WASHINGTON, D.C. — Imagine peering out your window and witnessing a burglar bashing in your neighbor’s car window. You grab your smart phone, quickly press a few buttons, video the crime and send it off to your local law enforcement department within a few seconds.
This scenario is exactly the type of situation entrepreneur Shy Pahlevani, founder and creator of the new and free iPhone and android application CrimePush, hopes everyone will be able to duplicate.
After its launch this week, CrimePush has been downloaded more than 100,000 times, Pahlevani said.
“It’s the first of its kind,” he said. “I think in one or two years everybody will have a safety or security app on their phone. Ours is so user-friendly. Ours is going to be the security app on everybody’s phone.”
After having his car broken into two times in one week in the Washington, D.C. area, Pahlevani said he came up with the idea to develop a simple, yet effective, way for anyone to contact and report crimes, incidents, bullying, domestic issues and any other law enforcement matters easily and quickly.
Considering the public’s fascination with their iPhones, iPads and android phones, Pahlevani said CrimePush would provide the ultimate way for the public to report incidents it would normally hesitate to mention.
The application allows the user to easily pick from a series of crimes, from theft, threats, fights, sex crimes, city repair dangers, vehicle crashes, vandalism, drugs and harassments. The application also is able to send out distress signals.
Users can also send police reports directly from their phones without contacting dispatch centers. The messages are delivered directly to email inboxes, instead.
“People are reporting things they would not usually report,” Pahlevani said. “Our goal is just to increase reporting and be the eyes and ears out there. Instead of walking away, use your app. The address and evidence can be sent to police instantly. It works everywhere, just like a 9-1-1 call. It uses GPS to route the report. It’s a super, user-friendly app.”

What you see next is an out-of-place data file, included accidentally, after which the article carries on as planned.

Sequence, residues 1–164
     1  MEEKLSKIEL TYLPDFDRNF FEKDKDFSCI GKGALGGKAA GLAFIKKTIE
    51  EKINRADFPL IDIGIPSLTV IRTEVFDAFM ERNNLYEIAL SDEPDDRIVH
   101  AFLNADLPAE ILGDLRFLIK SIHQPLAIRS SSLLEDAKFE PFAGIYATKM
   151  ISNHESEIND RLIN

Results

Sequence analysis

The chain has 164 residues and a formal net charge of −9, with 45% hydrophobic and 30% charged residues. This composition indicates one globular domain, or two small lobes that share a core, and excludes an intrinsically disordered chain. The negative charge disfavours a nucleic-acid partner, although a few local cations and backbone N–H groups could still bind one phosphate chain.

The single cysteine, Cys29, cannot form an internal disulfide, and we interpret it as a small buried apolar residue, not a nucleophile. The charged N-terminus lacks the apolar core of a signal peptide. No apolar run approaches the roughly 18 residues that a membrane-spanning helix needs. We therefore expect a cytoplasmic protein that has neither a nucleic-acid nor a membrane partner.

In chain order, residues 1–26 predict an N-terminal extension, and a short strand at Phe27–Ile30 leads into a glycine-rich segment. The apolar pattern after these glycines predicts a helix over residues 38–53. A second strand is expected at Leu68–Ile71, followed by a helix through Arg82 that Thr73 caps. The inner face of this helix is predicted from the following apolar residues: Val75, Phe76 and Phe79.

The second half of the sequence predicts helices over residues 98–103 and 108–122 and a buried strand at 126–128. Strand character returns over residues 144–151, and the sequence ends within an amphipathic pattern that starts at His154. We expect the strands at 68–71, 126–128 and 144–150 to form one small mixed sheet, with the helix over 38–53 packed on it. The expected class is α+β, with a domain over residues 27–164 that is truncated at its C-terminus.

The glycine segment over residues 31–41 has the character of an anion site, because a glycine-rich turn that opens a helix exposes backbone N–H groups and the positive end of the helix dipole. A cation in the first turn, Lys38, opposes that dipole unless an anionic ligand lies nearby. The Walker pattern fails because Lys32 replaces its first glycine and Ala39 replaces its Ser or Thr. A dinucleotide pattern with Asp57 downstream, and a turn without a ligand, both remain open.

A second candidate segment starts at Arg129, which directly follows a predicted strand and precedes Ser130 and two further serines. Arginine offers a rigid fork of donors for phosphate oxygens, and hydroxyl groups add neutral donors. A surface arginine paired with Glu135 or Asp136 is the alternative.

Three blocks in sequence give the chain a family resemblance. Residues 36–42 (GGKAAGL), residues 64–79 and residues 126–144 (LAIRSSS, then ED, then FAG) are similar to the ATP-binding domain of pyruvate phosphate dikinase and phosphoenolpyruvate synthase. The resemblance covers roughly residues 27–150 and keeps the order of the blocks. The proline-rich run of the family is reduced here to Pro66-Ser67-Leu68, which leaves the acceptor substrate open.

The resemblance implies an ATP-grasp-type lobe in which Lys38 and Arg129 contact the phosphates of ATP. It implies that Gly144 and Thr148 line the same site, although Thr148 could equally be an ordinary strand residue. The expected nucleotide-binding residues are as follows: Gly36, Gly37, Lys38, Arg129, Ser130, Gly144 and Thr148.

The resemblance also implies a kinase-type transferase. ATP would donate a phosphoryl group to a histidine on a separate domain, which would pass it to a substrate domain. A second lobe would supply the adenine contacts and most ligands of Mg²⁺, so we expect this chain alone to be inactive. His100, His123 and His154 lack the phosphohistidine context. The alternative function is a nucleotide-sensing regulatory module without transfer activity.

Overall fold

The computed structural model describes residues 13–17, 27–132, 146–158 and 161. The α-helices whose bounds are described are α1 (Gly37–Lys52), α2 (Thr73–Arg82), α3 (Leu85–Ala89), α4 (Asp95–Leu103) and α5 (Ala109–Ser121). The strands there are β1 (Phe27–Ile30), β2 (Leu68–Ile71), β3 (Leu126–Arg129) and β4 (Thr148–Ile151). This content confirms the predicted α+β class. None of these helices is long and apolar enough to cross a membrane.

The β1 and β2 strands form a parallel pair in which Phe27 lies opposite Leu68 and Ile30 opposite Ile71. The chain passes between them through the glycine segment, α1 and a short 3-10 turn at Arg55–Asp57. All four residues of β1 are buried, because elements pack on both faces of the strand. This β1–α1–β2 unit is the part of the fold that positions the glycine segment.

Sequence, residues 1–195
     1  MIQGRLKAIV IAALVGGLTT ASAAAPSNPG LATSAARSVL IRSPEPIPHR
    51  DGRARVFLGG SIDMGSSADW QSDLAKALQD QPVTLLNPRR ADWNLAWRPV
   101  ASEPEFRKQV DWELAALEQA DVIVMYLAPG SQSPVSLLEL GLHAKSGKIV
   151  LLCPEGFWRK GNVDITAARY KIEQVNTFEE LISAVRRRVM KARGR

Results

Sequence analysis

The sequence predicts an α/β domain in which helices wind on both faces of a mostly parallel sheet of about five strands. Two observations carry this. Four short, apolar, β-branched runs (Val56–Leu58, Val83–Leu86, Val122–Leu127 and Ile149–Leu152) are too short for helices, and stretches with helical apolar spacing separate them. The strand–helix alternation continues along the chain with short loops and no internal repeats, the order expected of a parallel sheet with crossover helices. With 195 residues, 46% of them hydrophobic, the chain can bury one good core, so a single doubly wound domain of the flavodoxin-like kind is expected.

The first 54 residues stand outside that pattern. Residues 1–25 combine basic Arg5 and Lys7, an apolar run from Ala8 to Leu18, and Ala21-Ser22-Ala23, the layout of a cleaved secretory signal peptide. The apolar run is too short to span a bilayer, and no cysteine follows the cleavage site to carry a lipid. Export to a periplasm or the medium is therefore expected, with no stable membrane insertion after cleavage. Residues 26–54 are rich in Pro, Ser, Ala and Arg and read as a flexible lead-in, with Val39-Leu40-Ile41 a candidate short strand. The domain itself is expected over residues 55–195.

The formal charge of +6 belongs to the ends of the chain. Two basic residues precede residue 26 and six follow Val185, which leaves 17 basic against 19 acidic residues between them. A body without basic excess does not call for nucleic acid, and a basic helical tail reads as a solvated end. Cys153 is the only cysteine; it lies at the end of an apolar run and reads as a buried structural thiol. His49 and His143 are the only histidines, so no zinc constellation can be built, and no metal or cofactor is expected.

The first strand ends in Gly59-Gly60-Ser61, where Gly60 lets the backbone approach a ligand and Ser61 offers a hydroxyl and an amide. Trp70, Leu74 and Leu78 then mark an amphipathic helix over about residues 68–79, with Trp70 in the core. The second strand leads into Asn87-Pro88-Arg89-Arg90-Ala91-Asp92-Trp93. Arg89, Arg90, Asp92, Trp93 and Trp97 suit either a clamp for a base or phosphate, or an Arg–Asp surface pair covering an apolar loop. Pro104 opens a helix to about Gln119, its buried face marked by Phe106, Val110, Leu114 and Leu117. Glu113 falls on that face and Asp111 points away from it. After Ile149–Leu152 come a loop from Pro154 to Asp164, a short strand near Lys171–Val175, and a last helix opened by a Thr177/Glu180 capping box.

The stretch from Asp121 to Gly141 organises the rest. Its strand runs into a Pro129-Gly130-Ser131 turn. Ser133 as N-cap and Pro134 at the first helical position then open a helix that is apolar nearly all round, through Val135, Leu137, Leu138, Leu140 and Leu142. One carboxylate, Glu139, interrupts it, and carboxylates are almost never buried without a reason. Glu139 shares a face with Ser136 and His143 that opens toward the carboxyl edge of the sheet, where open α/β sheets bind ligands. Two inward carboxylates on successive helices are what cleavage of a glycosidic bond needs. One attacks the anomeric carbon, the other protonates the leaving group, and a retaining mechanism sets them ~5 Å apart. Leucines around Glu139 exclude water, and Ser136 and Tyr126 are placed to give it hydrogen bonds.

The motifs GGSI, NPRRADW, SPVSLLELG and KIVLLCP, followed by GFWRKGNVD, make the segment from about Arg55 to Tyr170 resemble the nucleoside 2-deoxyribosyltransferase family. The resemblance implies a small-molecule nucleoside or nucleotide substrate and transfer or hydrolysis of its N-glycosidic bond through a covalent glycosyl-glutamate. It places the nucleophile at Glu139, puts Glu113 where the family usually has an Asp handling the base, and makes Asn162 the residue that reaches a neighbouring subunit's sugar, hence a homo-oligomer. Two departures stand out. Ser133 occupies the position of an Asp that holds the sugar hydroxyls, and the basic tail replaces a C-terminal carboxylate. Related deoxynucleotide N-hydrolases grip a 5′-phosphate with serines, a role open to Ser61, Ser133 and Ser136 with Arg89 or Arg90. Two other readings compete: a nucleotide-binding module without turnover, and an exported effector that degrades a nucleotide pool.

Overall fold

According to statistics provided by Pahlevani, a burglary takes place every 15 seconds in the U.S. And, every 43 seconds, a vehicle is stolen. There are also countless other crimes committed throughout communities and college campuses.
The application has already been integrated with high schools in the nation’s capital to combat vandalism and record audio of harassment incidents taking place and catching bullying events.
“We are all in search of a safer country, and CrimePush has just unveiled what could be the answer to the country’s crime problem,” according to a release about the unveiling of the application.
Pahlevani — who has found success in the past developing other start-up companies, earning $30 million for his first venture and $1 million for his second, he said — joined with a couple of other small investors to develop the application. The development took four months to create, he said.
For now, the downloads are free. Eventually, the company will charge a licensing fee for police who wish to gain intelligence using the data gained from the reports, he said.
“I’ve had police all across the country wanting to use the service, in every state, wanting to receive the crime tips from our application,” Pahlevani said. “We’re getting a lot of media attention.”
Those who want to download the application can find it on iTunes and Google Play.
For more information about CrimePush, log on to www.crimepush.com.